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In-situ simulation reduces the pain of debugging distributed systems.

Posted by mranga on January 7, 2004 at 6:12 AM PST

I've spent an inordinate amount of time debugging distributed protocol stacks and applications. Building distributed systems / protocol stacks is a tricky affair. It takes a lot of time and patience and testing to get it all right and then some. Reproducing bugs in such systems is tough. Building scalable test frameworks is tough. One normally resorts to looking at event logs and traces and the like and I have lamented in another blog about things of that nature so I shall refrain from lamenting again. Now theres another technique which I have found quite handy which is the subject of this blog.

Discrete event Simulation is used as a paper generator by the academic community in but I have used it for debugging. Using java, one can build an in-situ simulation environment that allows you replace java API's with simulated version of the same. Then run your entire distributed system in the simulated environment and reproduce error conditions/ timing and synchronization bugs. When you are ready to ship, just replace the simulated calls with the real thing and you are ready to go. How is this done?

Java has some very cute features as we all no doubt agree and one of these is dynamic loading - which means that one can take an existing distributed application written to the socket interface for example that uses java threads and processes and replace all calls to the socket interface by calls to a simulated socket interface. One can replace all calls to process and thread creations by calls to simulated processes /thread creations and so on. In effect one can build an insitu simulation environment with ease. If source code is not available, one can even use bytecode rewriting to accomplish this (assuming that the code has not been obfuscated). Using such a simulated environment one can:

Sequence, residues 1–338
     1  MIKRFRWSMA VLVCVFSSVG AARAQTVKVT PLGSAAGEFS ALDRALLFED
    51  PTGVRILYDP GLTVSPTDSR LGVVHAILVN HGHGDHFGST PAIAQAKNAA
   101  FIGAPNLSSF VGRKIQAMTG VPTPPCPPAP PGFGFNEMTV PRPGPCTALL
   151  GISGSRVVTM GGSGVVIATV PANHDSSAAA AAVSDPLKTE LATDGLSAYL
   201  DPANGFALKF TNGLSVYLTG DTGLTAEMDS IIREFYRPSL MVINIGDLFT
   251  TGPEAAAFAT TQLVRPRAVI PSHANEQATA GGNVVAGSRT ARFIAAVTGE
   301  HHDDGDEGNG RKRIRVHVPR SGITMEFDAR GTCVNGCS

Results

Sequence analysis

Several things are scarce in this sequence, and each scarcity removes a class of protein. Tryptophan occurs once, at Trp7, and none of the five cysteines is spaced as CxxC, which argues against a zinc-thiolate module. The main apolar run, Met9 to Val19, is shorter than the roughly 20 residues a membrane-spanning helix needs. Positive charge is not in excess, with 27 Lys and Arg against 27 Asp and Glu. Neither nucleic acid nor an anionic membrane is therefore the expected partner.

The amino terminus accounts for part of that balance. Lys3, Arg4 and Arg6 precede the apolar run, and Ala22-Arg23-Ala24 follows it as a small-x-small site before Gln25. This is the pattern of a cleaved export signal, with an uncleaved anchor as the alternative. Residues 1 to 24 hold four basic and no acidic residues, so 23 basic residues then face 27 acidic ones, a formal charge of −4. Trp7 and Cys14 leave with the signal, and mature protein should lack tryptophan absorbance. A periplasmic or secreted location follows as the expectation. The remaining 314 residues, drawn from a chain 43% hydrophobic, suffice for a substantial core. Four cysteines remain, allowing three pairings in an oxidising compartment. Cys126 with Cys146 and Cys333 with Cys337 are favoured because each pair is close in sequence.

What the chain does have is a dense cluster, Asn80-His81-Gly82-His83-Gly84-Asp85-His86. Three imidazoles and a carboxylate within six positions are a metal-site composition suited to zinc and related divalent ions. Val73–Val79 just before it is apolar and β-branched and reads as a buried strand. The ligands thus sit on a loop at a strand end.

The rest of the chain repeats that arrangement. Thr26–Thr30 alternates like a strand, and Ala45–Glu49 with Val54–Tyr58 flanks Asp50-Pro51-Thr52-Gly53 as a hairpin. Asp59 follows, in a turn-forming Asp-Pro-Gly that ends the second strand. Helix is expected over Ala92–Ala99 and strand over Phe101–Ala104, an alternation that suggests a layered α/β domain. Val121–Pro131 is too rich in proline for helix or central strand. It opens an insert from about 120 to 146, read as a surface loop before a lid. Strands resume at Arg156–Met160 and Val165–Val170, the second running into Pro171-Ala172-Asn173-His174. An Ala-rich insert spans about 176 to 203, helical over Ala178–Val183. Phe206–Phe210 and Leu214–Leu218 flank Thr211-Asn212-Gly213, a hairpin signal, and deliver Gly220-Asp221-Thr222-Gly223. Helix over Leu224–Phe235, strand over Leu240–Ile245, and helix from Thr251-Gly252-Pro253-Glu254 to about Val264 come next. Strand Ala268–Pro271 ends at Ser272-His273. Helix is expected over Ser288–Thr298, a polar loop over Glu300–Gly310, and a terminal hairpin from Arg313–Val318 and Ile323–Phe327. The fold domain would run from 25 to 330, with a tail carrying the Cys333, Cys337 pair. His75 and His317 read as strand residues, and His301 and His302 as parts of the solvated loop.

• Vary latency, packet loss and other network characteristics and test for protocol bugs.
  • Vary simulated delay in critical code paths and test for deadlocks and other delights.
  • Test for scalability of the implementation and even for memory leaks and such.

In other words simulation is a great way of re-producing bugs and chasing down errors which are otherwise really hard to deal with. It is also a nice way of checking for scalability of your implementation. There are several simulation frameworks for java out there but few that attempt to replace the java API with a simulated Java API .
Neko SIM is a cool project that tries to do this. I've launched a less ambitious project on called java-socket-simulator (see JAVA Socket Simulator ) that tries to just replace the socket layer and simulates processes and threads. I've used this successfully in the jain-sip project ( ). Now, with the mere flick of build flag and the adroit application of a pre-processor, you can build jain sip as a discrete event simulator or the real thing. I've used it to uncover some non-obvious synchonization bugs. ( I found it handy to use a pre-processor; in this connection, see my rants on another weblog). If I feel brave enough I might just do something foolish like simulate the whole jxta system using this approach. ( We have a 2 gig main memory machine in the closet.)

This is not a new idea, - for example, see the x-kernel work but java, the availability of bytecodes and its virtual machine approach make it easier to accomplish.

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